Fearing Change in Cuban Immigration Policy, Cuban Migrant Flow Spikes

Feb 3, 2015 | Border Crossings

As a Miami immigration attorney, the announcement by President Barack Obama on December 17th, 2014 ordering the restoration of normal diplomatic relations has held significant interest for me. In light of its geographic proximity to the island, Miami’s Cuban community has grown to become the largest in the continental United States.

The privilege that Cuban refugees enjoy is by dint of the Cuban Adjustment Act. The Cuban Adjustment Act is a United States federal law that was enacted in 1966 by President Lyndon Johnson. One of the components of the Cuban Adjustment Act is what is colloquially known as the “wet foot/dry foot” policy, which establishes that Cubans who arrive in the United States may remain here by arguing that they are suffering political persecution in their homeland. However, Cuban refugees who are intercepted at sea, even just a few feet off the U.S. coast, are returned to Cuba.

President Obama’s recent announcement has stoked fears among many Cubans that this generous immigration policy will be modified. This has spurred many Cubans who had been contemplating departure to hasten their plans, and leave as soon as possible to the United States before any modification in the law. Many Miami immigration lawyers, myself included, have seen an uptick in questions from Cuban nationals as to their immigration status.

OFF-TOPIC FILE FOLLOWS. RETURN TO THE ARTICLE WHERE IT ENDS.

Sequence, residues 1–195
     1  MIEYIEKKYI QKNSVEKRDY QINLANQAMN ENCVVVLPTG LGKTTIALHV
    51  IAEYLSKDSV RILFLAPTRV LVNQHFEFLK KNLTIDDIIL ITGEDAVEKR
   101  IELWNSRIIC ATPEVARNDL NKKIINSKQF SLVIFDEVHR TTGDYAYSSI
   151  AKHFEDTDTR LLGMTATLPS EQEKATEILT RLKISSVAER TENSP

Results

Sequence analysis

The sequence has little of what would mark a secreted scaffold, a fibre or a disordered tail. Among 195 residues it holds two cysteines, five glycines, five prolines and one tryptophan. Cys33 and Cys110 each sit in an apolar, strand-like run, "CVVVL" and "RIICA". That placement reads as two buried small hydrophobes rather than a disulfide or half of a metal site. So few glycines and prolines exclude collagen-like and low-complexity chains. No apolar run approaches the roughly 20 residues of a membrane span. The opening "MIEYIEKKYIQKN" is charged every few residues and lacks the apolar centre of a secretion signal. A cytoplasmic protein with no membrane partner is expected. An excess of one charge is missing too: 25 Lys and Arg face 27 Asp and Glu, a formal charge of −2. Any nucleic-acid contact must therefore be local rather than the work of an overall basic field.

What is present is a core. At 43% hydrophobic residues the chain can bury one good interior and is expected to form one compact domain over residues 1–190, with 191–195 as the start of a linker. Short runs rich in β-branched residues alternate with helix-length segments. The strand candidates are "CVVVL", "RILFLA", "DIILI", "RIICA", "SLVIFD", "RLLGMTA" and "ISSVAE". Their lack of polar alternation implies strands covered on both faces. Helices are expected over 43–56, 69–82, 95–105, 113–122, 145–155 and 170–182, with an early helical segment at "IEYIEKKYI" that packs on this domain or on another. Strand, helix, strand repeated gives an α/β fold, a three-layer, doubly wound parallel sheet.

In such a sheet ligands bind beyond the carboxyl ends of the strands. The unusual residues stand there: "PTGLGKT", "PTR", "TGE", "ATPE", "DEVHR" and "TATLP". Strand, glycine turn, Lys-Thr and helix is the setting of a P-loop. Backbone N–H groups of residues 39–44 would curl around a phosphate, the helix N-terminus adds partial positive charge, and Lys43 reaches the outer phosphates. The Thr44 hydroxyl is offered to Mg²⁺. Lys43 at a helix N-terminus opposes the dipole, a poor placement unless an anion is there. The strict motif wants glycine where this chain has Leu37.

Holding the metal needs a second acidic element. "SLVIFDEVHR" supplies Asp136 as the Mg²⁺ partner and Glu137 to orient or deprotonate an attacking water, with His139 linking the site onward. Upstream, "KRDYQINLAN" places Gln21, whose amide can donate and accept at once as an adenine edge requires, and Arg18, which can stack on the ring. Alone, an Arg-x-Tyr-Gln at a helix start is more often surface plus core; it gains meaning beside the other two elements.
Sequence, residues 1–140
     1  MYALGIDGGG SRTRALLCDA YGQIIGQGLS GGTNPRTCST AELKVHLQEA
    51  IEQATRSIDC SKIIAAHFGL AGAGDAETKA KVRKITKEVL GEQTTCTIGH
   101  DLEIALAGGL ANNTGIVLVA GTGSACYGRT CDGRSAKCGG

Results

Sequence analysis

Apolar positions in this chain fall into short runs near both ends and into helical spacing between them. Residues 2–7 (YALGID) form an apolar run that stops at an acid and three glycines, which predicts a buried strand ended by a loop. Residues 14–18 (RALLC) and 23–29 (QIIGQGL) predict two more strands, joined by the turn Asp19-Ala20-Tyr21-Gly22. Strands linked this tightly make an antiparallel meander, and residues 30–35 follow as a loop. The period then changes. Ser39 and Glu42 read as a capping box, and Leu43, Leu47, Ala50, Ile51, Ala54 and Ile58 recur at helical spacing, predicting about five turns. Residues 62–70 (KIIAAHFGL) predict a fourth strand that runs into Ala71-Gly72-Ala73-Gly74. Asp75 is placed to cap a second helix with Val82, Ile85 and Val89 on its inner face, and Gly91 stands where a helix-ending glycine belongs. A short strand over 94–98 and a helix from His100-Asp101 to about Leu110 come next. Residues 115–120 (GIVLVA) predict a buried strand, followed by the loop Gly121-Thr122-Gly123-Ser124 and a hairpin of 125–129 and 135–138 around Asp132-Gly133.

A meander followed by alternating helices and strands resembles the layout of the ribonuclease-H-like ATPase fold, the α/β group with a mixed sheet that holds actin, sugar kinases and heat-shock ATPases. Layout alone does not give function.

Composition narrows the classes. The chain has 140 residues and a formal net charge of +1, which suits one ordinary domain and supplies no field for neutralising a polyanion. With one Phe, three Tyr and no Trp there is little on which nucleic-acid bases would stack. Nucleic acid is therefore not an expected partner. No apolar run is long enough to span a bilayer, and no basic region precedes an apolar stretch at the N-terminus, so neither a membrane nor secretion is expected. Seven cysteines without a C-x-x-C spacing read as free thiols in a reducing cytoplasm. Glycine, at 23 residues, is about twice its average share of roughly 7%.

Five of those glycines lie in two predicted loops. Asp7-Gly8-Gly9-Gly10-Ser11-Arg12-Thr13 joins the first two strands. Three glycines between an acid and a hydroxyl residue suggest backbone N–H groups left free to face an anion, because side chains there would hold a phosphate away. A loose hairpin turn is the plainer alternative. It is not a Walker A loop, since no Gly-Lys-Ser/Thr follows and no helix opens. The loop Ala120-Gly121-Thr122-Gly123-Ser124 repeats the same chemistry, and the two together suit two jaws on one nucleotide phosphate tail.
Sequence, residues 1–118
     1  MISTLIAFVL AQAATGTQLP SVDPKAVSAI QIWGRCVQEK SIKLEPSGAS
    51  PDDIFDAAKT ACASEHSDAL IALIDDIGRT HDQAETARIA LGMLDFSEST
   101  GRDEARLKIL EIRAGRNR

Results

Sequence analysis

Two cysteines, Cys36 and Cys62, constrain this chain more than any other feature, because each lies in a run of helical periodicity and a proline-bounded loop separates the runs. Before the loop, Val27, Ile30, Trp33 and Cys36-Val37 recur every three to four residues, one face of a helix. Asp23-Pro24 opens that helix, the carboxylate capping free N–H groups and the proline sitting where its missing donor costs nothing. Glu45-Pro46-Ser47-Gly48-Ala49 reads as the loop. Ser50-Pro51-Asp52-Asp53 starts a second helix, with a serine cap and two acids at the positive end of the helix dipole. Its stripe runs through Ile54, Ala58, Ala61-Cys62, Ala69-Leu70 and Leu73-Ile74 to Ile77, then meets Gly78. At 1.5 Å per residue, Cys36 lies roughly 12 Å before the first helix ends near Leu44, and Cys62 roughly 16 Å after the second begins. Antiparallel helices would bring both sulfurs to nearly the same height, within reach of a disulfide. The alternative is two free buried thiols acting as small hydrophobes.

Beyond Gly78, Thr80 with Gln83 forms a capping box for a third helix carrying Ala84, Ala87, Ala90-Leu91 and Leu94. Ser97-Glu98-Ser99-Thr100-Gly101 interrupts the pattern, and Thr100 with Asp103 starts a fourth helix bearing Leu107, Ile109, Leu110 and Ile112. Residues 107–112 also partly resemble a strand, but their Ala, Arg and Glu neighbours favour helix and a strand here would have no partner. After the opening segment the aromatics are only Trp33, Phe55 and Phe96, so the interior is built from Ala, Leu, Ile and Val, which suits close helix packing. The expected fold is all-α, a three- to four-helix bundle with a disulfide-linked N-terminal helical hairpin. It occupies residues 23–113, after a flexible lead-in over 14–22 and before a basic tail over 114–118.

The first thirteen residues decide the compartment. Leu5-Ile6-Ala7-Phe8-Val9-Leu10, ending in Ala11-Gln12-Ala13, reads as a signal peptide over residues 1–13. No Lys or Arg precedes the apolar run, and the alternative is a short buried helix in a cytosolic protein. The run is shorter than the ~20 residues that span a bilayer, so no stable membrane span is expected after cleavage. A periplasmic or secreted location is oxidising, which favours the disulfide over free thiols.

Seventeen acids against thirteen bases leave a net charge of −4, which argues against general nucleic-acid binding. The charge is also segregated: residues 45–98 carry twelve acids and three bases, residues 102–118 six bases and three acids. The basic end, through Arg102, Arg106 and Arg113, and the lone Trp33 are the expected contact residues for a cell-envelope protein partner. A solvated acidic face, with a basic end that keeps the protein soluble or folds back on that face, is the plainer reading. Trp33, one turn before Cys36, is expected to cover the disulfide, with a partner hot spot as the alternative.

According to the United States Coast Guard, the number of Cuban migrants attempting to reach the U.S. illegally in rafts has surged since the Dec. 17 announcement that diplomatic relations between the two countries would be restored after more than 50 years.

On the homefront, Republican Congresswoman Ileana Ros-Lehtinen of Florida said that she believes there will be a modification of the Cuban Adjustment Act, however such change would require the passage of new legislation, which  never comes easy.

The Cuban Adjustment Act that has provided Cubans with a virtually guaranteed path to legal residency and eventual citizenship now hangs in the balance.  The journey that hundreds of thousands of Cubans have taken to reach American soil was previously made with the knowledge that they would not be deported.

If you think would like more information on the Cuban Adjustment Act, and how any potential changes could affect your immigration status, please contact Miami immigration attorney The Law Office of Tatiane M. Silva, P.A., Esq. at (305)895-2500 or visit our website at www. mmurraylaw.com